Smartphones Could Generate Own Power with New Coating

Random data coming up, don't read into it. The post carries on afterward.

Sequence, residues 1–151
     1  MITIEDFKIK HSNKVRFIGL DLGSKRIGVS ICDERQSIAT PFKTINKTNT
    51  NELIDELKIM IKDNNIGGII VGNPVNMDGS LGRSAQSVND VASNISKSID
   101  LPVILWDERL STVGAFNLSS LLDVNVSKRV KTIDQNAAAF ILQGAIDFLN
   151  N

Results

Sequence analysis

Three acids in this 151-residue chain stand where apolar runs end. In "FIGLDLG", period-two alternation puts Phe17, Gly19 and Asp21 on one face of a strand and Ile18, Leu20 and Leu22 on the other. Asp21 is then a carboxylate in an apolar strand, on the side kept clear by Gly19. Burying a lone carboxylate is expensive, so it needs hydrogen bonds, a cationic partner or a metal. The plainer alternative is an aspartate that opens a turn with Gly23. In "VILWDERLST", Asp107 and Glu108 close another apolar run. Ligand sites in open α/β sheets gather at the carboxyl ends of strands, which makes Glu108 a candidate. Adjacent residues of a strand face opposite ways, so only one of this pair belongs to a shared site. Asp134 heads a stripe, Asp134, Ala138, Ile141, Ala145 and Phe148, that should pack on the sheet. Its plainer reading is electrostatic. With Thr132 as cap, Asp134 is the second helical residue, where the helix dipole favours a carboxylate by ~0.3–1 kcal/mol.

Researchers in China say a transparent material that can be attached to a smartphone\'s touch screen can help the device to power when anyone clicks on it. Most phones and tablets now have touch screens. Using the touch screen, which usually includes finger tapping, scientists at Lanzhou University in China infer that the mechanical energy generated by these actions can be converted into electrical energy to charge mobile phone batteries, this can greatly extend the working hours of these portable devices. Researchers have developed a new material based on transparent silicone rubber. Scientists embed wires in this rubber, which are made of lead-titanium acetate zirconium acid, which is only 700 nm or 1 m wide. From an angle, this is about 140 times the average width of human hair. [ Ten great inventions to change the world When the rubber is solidified, the researchers use the electric field to arrange the nano wires in the rubber on the column. This alignment helps to set the electrical and visual properties of the material. Whenever this Nano line is bent For example, whenever someone taps on a material -- They generate electricity, and this phenomenon is called piezoelectric. By ensuring that the nano wires are aligned with each other, the researchers help ensure that they respond consistently to finger tapping, generating as much energy as possible from motion. Head when viewing material- These very narrow wires are basically invisible and the material looks almost transparent. Therefore, Yongqin, a material scientist and research senior author of Lanzhou University, told \"field science\" that nano wires \"can harvest the tapping energy on the screen without affecting the normal operation of the screen \". Also, when looking at the material from an angle, the Nano Wire interferes with the light, which means that anything that looks at the material from that angle will look blurry. Therefore, this material can also help protect the privacy of users by preventing anyone nearby from peeking at someone else\'s smartphone screen. In the experiment, the current generated by tapping the material is 0. 8 nanoamps, or about 1- One in a million of the electricity used by hearing aids. Scientists point out that future research results can help their materials generate more current, effectively charging the batteries of mobile devices. Electrical signals from the Naimi line can also help researchers develop more sensitive touch screens, Qin said. In January, scientists introduced their findings in detail on the Internet. In little magazine Focus on life science, Facebook and Google. Original article about Live Science. Copyright 2016 life science of Purch company. All rights reserved. This material may not be published, broadcast, rewritten or re-distributed.